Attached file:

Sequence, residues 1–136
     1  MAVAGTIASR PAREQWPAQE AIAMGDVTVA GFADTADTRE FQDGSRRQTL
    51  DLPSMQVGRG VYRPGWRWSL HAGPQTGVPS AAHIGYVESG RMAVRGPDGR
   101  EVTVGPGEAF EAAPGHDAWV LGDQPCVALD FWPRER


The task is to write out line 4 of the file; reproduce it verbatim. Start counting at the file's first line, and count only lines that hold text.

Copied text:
   101  EVTVGPGEAF EAAPGHDAWV LGDQPCVALD FWPRER